Not Found
Locations

Find information on medical topics, symptoms, drugs, procedures, news and more, written for the health care professional.

* This is the Professional Version. *

Cervical Stenosis

By S. Gene McNeeley, MD, Hutzel Women’s Hospital;Michigan State University, College of Osteopathic Medicine, Hutzel Women’s Health Specialists

Click here for
Patient Education

Cervical stenosis is stricture of the internal cervical os.

Cervical stenosis may be congenital or acquired.

The most common acquired causes of cervical stenosis are

  • Menopause

  • Cervical surgery (eg, conization, cautery)

  • Endometrial ablation procedures to treat uterine abnormalities that cause menorrhagia

  • Cervical or uterine cancer

  • Radiation therapy

Cervical stenosis may be complete or partial.

It may result in the following:

  • Hematometra (accumulation of blood in the uterus)

  • In premenopausal women, retrograde flow of menstrual blood into the pelvis, possibly causing endometriosis

  • Pyometra (accumulation of pus in the uterus), particularly in women with cervical or uterine cancer

Symptoms and Signs

Common symptoms in premenopausal women include amenorrhea, dysmenorrhea, abnormal bleeding, and infertility. Postmenopausal women may be asymptomatic for long periods.

Hematometra or pyometra may cause uterine distention or sometimes a palpable mass.

Diagnosis

  • Clinical evaluation

Cervical stenosis may be suspected based on symptoms and signs (particularly development of amenorrhea or dysmenorrhea after cervical surgery) or on inability to obtain endocervical cells or an endometrial sample for diagnostic tests (eg, for a Papanicolaou [Pap] test).

Diagnosis of complete stenosis is established if a 1- to 2-mm diameter probe cannot be passed into the uterine cavity.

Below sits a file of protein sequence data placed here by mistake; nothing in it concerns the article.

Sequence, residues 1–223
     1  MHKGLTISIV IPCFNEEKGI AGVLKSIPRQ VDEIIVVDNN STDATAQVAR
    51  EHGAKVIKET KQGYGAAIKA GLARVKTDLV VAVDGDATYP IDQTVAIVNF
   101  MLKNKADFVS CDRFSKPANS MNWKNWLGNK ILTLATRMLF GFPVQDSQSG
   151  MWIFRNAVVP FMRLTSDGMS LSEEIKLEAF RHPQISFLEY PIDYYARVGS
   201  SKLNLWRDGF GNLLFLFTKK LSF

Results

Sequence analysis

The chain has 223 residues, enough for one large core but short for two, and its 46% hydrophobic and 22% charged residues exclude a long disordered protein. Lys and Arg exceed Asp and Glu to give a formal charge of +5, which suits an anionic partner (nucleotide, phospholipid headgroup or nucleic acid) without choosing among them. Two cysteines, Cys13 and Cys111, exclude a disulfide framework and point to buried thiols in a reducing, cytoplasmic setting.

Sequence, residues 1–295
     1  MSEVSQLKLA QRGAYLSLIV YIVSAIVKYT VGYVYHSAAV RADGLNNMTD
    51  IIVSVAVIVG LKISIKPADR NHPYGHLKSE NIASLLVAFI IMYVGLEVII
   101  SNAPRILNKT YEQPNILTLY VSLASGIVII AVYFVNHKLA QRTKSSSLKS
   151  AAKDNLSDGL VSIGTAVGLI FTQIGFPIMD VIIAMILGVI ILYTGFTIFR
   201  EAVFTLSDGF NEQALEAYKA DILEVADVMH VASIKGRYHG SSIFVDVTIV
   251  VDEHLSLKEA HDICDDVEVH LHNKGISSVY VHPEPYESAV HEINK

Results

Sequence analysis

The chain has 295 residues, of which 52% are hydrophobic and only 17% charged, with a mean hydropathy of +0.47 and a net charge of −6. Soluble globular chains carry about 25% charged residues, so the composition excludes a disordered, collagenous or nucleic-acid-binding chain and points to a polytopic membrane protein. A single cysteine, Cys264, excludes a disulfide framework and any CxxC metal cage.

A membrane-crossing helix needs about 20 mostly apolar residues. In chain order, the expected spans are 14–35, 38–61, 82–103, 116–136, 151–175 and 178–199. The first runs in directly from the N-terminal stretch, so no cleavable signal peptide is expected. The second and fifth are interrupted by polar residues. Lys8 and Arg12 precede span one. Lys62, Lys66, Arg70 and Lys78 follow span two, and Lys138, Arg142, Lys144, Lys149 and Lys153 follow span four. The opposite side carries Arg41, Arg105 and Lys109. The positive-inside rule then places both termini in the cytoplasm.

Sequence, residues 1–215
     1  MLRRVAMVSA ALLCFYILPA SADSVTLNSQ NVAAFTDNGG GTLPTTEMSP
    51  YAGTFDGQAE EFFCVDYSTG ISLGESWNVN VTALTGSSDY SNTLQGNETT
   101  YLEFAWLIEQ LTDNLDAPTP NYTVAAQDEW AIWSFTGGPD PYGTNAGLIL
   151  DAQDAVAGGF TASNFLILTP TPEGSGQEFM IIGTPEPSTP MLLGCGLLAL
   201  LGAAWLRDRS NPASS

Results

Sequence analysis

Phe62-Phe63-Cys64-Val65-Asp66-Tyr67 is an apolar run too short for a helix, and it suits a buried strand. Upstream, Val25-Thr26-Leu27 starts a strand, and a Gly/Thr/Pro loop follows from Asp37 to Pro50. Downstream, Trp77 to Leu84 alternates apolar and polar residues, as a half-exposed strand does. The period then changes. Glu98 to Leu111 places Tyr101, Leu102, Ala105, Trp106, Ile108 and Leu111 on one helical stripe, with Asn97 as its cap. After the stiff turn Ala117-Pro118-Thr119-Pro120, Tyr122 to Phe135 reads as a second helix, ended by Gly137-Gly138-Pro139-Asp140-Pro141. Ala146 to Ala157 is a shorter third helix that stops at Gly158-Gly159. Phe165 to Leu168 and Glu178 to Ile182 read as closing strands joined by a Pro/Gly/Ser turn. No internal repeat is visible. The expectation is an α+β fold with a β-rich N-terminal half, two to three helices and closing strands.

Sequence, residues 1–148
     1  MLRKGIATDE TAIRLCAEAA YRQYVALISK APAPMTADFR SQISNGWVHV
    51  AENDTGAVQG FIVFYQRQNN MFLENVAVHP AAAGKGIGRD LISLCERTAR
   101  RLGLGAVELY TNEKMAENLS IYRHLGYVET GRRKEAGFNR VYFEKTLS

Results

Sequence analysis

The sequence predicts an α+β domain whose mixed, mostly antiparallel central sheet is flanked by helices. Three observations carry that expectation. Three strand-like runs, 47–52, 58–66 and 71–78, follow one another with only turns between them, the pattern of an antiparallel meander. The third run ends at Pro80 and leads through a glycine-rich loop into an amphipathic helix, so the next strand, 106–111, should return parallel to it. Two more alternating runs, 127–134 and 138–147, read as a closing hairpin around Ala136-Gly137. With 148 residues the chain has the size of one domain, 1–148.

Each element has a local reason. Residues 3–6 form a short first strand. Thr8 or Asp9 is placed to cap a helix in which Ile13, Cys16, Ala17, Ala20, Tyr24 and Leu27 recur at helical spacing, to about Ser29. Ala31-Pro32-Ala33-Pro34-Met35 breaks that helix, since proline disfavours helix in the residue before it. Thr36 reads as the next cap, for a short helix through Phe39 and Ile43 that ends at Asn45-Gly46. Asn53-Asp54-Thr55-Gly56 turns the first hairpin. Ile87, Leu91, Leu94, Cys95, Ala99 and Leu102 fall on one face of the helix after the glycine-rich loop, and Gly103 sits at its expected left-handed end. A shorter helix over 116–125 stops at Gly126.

If cervical stenosis causes symptoms or uterine abnormalities (eg, hematometra, pyometra), cervical cytology and endometrial biopsy or D & C should be done to exclude cancer. For postmenopausal women with no history of abnormal Pap tests and for women without symptoms or uterine abnormalities, no further evaluation is needed.

Treatment

  • Dilation and stenting if symptomatic

Treatment of cervical stenosis is indicated only if symptoms or uterine abnormalities are present and typically involves cervical dilation and placement of cervical stent.

Key Points

  • Cervical stenosis may be congenital or acquired (eg, caused by menopause, cervical surgery, endometrial ablation, cervical or uterine cancer, or radiation therapy).

  • Cervical stenosis can cause amenorrhea, dysmenorrhea, abnormal bleeding, and infertility in premenopausal women; postmenopausal women may be asymptomatic for long periods of time.

  • Suspect cervical stenosis based on symptoms and signs or on inability to obtain endocervical or endometrial samples for tests; inability to pass a 1- to 2-mm diameter probe into the uterine cavity confirms complete stenosis.

  • If symptoms or uterine abnormalities (eg, hematometra, pyometra) are present, exclude cancer by cervical cytology and endometrial biopsy or D & C, then dilate the cervix and place a stent.

* This is the Professional Version. *